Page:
US Open 2015: What we learned from Thursday

Golf News

It turns out the golf course is actually playable, Monty can still hit it straight and Dustin is hot when he's hot

It wasn’t impossible after all
Dustin Johnson bogeyed his last hole (the 9th) and still posted a 65. Henrik Stenson matched it. Conditions were more difficult in the afternoon (see below) but still. Why the golfing world (players included) fall for Mike Davis’s showmanship ahead of this event each year is a mystery. A glance at the leaderboard this morning shows plenty of players under par.

Tiger cards his worst ever US Open round

Only white dots separate the greens from the fairways

The fairways are fescue and the greens are fescue. Which means they are essentially the same at the US Open when the whole place is shaved (apart from the rough). The USGA have painted white dots to signify the where the green stops and the fringe starts so that the players know when they can mark their balls. It’s a curious look.

Our alternative US Open betting guide

The greens look awful – but putt better (most of the time)

If you’d paid a full green fee, you’d be demanding a refund by the time you arrived on the 1st green. Augusta National this is not. The surfaces are discoloured, patchy and became increasingly bumpy as the day wore on.

“Not good,” was how Colin Montgomerie diplomatically described them, after completing his round of 69. Let’s see if he’s using the same words having putted in the afternoon later today when they get nice and crumbly for him. You’d have to say they are sub-standard for a tournament of this stature.

That might just help some of the poorer putters in the field – it has to be a leveller because even Jordan Spieth can’t hole much on these surfaces.

Our look at the unique Chambers Bay

It’s easier in the morning

The USGA do like to present a golf course on the edge, for some reason, and what we are going to see is water pumped on to the course overnight leading to better playing conditions in the morning. Of course, all the leaders will be going out late over the weekend so they will all have to cope with it. It must mean that the early starters tomorrow will have a great chance to make up some much-needed ground.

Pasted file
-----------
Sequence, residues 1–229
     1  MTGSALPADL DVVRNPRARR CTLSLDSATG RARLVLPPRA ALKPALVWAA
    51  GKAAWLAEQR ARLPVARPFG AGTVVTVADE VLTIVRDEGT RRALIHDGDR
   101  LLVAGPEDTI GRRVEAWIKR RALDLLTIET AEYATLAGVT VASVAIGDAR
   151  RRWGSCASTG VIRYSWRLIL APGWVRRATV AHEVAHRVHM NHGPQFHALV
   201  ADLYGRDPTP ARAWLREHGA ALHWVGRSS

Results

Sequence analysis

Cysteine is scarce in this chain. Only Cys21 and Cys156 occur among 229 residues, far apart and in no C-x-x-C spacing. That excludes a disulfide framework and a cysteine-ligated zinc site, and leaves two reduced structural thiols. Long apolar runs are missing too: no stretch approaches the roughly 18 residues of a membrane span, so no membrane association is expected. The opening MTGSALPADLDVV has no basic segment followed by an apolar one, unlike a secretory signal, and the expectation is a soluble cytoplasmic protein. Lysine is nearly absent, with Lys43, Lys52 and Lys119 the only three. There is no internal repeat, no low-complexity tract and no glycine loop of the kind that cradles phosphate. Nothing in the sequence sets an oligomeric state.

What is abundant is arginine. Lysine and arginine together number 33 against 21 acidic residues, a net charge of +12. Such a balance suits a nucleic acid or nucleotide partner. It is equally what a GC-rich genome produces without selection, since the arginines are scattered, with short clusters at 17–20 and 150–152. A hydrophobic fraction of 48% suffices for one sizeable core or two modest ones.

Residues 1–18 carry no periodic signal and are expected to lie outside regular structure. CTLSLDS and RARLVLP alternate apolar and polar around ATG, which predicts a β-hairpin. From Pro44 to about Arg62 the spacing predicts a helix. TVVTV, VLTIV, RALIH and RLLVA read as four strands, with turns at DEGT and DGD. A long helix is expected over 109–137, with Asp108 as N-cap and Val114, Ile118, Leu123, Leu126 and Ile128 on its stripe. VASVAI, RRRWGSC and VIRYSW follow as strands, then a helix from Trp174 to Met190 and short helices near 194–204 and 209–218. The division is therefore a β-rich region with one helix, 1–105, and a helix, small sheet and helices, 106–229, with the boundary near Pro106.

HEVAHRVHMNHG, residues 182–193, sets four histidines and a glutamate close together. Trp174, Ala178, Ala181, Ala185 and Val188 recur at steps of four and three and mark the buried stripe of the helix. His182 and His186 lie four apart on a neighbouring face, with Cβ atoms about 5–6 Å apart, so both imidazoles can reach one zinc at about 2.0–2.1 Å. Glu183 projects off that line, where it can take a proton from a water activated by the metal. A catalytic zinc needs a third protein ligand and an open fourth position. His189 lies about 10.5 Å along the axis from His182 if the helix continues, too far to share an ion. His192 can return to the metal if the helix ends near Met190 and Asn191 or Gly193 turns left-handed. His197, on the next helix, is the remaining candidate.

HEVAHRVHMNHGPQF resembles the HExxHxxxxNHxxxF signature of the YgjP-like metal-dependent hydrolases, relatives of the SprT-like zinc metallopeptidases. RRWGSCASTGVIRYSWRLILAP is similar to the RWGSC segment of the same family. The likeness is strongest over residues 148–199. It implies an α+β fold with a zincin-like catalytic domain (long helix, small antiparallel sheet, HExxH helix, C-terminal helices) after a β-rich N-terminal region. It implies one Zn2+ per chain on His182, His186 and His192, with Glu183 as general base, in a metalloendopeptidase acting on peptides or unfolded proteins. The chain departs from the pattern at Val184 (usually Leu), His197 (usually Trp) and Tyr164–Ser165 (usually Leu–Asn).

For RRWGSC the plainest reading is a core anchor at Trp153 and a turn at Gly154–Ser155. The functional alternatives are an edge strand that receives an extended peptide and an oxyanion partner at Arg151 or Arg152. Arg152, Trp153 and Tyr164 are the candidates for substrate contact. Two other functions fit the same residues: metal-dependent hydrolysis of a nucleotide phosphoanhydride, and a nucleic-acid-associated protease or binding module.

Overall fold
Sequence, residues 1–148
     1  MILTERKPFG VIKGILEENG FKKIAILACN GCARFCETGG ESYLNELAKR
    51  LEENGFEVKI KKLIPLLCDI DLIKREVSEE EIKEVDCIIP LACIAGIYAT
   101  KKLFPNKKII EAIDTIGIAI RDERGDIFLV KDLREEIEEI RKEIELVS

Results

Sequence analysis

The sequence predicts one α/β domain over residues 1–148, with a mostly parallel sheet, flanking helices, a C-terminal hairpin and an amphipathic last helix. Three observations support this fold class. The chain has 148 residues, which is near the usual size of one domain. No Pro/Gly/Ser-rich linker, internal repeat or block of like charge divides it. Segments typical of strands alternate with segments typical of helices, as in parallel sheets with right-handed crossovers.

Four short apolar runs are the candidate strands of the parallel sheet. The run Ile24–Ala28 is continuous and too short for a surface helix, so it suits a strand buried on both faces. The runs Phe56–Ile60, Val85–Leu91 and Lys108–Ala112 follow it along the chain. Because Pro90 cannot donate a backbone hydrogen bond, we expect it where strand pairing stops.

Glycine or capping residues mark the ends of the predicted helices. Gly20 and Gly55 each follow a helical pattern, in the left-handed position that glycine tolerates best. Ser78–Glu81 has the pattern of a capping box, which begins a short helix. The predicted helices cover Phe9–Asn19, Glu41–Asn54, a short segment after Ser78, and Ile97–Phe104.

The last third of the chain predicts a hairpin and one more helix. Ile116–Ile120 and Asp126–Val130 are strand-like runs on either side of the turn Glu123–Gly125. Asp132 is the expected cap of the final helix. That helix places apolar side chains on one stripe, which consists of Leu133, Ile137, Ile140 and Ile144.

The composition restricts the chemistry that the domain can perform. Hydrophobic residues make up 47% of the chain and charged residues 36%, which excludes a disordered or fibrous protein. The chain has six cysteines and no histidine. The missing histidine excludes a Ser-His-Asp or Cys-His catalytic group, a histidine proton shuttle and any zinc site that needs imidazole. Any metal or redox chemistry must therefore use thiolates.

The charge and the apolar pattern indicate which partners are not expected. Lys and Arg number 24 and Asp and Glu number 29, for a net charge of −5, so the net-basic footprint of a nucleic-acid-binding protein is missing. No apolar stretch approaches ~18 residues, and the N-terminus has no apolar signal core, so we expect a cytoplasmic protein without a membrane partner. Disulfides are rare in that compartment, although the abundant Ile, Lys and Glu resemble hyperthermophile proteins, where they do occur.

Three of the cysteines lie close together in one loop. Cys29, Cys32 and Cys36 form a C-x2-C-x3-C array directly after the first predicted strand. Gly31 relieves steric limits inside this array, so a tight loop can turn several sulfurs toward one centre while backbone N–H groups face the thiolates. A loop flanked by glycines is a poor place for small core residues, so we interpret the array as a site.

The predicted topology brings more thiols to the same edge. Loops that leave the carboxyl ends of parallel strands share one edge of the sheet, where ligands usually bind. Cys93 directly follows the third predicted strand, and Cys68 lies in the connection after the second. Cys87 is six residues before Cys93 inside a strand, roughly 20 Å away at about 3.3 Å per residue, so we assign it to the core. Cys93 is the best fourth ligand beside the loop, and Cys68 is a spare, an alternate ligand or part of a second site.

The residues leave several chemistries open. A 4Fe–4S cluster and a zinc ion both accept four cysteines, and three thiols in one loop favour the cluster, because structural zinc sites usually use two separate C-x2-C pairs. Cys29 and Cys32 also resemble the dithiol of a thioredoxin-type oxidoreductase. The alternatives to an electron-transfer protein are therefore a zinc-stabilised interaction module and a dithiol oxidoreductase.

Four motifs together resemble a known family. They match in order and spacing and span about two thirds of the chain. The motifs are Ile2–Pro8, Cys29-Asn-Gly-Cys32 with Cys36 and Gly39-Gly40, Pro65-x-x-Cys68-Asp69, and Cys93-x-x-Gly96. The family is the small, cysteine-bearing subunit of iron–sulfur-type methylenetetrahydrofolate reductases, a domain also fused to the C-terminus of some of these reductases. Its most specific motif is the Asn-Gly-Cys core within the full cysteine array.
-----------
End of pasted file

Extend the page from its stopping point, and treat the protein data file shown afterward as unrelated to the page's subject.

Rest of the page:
Dustin is hot when he’s hot
You are never quite sure what he will produce on the next hole, let alone the next day, but Dustin Johnson is prodigiously talented and capable of taking a field apart in a way that few of his peers are. He was at his best for most of Thursday, smashing his driver whenever possible and looking every inch a Major champion in waiting. Will it be this week, Dustin?

For more on the 2015 US Open CLICK HERE
"Sir Nick Faldo said recently that Rory loses interest once he thinks he can’t win." Rory is not a patient putter
There is the feeling of a self-fulfilling prophecy when Rory starts the day slowly with the putter. You don’t see him turning it round. You do see him looking cheated that another putt has finished right behind the hole. Sir Nick Faldo said recently that Rory loses interest once he thinks he can’t win. Faldo doesn’t have a problem with that, it shows he single-minded, but it sometimes feels like Rory can only win on a wire-to-wire basis and that isn’t always possible. Especially against modern Major fields, which are nothing if not deep.

Chambers Bay is extreme in places

This wasn’t so much of a surprise but those seemingly never-ending shots of a ball trickling and trundling along for 10 seconds or more after landing were a real feature of the opening day – and will continue to be so over the weekend. I can think of any number of courses around the Pennines that separate Yorkshire and Lancashire whose members are well versed in the art of erring on the ‘top-side’ at all times for fear of a ball bounding away. The pros are about to learn the same lesson.

What did we expect from Chambers Bay?

Monty can still hit it straight

It was like we were back in the mid-1990s: watching Monty in the middle of every fairway and peppering the pins with his iron shots before finding the putting element more testing. Yes, he was coming in with hybrids where most were reaching for a 6 or 7 iron but this was wonderful stuff from Monty, who is aiming to play in an amazing eight Majors this year – five senior ones plus the US Open, Open (he tries to qualify in a few weeks) and the PGA (he’s already in thanks to his exploits on the Champions Tour).

There was even a late strop when it all threatened to go wrong and then he was as chipper as you like in the Sky commentary box afterwards. Vintage in every respect.

For more on the 2015 US Open CLICK HERE

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